Home Car Stories One Owner 1973 OLDSMOBILE Delta 88 Royale convertible- Carl
1973 OLDSMOBILE Delta 88 Royale convertible- Carl PDF Print E-mail
Written by Double Dragon
Tuesday, 18 May 2021 13:12

1973 OLDSMOBILE Delta 88 Royale convertible- Carl, Vancouver, BC

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Writing and photography copyright D. S. Brown

The Oldsmobile 88 first appeared in 1949 as part of Oldsmobile's push to showcase their new powerful high compression overhead Valve V8 303 c.i. "Rocket" engine. The 303 V replaced the antiquated Olds straight 8 engine. The 303 was a responsive engine in the top of the line large luxury oriented heavy bodied 98, but pure dynamite when installed in the smaller, lighter Olds 76 body. The 76 was normally powered by a straight 6 cylinder engine.

Oldsmobile name codes worked like this: the first number indicated body size and prestige level. The higher the number, the bigger the car. Hence a 98 was Oldsmobile's biggest car. The second digit indicated  how many cylinders the engine had. In the case of the 98 it had an 8 cylinder engine. When Olds pulled the straight 6 cylinder engine out of the 76 and dropped in the 303 V8 it was technically now a "78", but Olds bumped the 7 body up to an 8 in this application. With the 88, Olds suddenly had one of the top performers on the market. Besides cleaning up at NASCAR, the 88 was also a hit on the streets to such an extent that it inspired a rock and roll song. The "Rocket 88" was a great image boost for Oldsmobile.

In 1950 Oldsmobile adopted a rocket logo as their signature identifier right across the product line to capitalize on the image of the Rocket engine. The 88 base model version was powered by a 2 barrel 303. The upscale "Super 88" was powered by a 4 barrel version of the 303. In 1956 the Olds V8 increased to 324 cubic inches. In 1957 the Olds V8 engine increased again to 371 cubes. The Super 88 remained the top model. The base 88 which had been known variously as just the 88, or the Deluxe 88 or the Golden Rocket 88 depending on model year settled into "Dynamic 88" starting in 1958. In 1959 the engine expanded to 394 cubic inches.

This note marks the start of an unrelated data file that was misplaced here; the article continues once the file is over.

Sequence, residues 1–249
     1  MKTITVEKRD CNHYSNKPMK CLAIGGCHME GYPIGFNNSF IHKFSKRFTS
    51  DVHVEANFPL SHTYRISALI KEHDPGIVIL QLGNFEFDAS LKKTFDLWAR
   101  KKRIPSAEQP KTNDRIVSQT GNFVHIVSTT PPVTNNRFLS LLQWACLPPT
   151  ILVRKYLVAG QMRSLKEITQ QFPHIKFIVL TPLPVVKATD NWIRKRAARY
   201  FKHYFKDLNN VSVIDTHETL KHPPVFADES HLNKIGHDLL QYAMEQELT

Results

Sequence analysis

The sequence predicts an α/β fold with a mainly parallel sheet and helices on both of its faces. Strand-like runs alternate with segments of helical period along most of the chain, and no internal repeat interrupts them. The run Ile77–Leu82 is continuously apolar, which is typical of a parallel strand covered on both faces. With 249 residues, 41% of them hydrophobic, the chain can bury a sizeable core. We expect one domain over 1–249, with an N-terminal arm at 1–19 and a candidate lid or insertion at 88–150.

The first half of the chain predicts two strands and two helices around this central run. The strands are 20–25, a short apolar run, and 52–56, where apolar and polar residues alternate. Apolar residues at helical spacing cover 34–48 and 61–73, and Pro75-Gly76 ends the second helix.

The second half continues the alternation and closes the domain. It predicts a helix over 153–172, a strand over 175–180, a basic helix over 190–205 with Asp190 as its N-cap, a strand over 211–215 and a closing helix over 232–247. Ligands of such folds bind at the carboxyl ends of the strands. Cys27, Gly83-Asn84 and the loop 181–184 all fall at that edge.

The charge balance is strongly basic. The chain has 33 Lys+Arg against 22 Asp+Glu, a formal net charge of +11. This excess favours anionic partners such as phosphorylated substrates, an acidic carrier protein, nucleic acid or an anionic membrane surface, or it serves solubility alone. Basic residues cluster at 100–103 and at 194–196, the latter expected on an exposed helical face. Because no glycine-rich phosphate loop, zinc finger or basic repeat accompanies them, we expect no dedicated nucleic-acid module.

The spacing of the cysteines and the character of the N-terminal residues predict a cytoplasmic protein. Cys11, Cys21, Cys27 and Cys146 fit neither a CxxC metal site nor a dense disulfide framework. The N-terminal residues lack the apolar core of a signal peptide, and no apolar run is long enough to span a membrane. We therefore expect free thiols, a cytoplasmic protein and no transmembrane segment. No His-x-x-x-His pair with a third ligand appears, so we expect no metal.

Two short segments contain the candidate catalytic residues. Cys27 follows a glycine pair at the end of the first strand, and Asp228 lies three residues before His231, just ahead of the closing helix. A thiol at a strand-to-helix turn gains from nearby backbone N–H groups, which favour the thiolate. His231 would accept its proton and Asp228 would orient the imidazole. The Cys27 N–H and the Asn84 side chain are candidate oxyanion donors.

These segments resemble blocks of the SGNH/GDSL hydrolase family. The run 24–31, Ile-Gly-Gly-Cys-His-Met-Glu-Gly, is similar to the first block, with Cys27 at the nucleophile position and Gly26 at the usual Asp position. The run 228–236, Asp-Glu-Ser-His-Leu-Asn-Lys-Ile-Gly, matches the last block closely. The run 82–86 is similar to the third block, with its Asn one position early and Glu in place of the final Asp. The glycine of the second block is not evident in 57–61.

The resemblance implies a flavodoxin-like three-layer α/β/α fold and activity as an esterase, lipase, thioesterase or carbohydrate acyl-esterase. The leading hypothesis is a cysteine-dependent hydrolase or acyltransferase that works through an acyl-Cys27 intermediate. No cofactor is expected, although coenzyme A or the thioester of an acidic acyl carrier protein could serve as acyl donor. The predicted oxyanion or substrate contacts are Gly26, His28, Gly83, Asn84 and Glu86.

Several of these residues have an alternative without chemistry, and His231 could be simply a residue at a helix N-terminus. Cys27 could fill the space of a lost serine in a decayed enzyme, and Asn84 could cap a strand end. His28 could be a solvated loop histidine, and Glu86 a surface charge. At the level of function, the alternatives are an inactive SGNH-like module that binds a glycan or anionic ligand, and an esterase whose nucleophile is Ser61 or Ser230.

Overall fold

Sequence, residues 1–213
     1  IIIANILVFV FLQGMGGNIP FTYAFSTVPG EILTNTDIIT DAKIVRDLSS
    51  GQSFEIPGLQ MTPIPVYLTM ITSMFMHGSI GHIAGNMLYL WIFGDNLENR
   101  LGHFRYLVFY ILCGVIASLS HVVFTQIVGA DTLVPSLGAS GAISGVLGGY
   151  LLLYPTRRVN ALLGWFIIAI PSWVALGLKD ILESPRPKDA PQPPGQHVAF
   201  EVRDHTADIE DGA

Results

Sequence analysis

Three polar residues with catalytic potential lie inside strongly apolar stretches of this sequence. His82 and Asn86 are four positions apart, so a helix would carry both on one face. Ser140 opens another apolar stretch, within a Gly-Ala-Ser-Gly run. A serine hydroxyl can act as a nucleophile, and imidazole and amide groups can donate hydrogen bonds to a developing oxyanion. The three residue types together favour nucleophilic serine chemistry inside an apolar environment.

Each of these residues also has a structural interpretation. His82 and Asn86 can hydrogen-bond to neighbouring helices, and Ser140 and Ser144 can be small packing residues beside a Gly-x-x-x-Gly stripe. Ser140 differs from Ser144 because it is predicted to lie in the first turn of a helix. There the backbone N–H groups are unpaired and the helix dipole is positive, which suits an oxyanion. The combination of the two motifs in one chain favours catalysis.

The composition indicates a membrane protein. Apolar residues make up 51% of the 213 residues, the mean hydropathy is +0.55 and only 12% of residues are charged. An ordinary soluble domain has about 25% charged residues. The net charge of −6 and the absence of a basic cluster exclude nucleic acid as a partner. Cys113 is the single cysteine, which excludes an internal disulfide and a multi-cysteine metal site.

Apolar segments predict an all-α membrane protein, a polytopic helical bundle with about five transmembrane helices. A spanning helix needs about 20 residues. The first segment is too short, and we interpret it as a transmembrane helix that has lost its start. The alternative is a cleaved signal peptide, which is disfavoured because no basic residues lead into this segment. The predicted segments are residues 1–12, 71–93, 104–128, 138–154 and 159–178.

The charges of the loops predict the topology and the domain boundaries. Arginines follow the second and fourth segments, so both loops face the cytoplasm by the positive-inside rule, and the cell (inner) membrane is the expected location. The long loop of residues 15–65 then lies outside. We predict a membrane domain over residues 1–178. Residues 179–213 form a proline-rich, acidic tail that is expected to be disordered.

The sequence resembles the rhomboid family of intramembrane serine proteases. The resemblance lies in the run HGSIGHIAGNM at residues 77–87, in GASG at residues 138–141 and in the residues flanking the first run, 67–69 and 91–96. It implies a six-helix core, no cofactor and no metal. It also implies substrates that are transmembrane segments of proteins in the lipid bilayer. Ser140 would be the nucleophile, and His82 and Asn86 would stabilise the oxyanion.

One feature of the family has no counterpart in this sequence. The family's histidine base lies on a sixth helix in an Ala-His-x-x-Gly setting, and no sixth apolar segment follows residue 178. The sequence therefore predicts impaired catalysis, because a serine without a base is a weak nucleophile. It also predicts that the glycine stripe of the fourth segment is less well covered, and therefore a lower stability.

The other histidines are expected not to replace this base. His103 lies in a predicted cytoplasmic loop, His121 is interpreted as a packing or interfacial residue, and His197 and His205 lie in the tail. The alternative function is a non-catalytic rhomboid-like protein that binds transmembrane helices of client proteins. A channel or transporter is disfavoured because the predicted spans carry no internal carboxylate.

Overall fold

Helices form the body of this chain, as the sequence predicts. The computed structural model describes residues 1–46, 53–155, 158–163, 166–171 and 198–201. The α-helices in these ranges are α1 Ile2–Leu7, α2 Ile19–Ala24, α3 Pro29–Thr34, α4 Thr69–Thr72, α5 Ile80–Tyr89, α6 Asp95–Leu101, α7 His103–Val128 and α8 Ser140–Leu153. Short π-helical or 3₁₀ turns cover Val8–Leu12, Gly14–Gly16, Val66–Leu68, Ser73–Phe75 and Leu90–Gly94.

In 1964 Oldsmobile designed a really amazing thin wall casting lightweight, compact, but powerful small block 330 V8 for their new intermediate sized F-85 and Cutlass. When you have a really good engine, you spread it around. Hence Olds also put the 330 into big cars. The base 88s were marketed as bargain 88s named Jetstar 88 using the 330 engine and smaller 9 inch drum brakes. The Super 88 had the big engine and 11 inch drums. The Dynamic 88 was no longer the base model but sandwiched between the bargain Jetstar 88 and top of the line Super 88.

In 1965 the hierarchy of 88 models ran from low cost Jetstar 88, medium priced Dynamic 88 to top of the line Delta 88 which now replaced the Super 88 name. Olds released a new big block 425 which replaced the various versions of the 303 which had been expanded all the way up to 394. The 425 was standard fare for the Delta 88, and optional for the Jetstar 88 which got the 330 as standard.